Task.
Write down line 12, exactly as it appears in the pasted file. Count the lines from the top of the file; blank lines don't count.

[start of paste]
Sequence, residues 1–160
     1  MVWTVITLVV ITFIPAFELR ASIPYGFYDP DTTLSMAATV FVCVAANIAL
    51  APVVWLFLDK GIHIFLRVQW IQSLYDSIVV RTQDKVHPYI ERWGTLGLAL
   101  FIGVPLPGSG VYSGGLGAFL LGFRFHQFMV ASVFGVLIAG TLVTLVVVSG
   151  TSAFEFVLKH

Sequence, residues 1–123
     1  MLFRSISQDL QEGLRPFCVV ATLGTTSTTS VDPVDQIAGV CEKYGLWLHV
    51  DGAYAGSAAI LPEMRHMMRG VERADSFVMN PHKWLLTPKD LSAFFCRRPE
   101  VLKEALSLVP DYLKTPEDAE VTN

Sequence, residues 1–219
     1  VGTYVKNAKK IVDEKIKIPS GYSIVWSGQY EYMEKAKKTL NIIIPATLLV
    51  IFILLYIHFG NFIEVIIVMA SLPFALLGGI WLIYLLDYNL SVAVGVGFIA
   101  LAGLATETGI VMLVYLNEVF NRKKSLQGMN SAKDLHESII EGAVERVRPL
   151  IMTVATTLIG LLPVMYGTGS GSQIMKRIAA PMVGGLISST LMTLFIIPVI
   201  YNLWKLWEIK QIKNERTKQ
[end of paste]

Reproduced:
    51  IFILLYIHFG NFIEVIIVMA SLPFALLGGI WLIYLLDYNL SVAVGVGFIA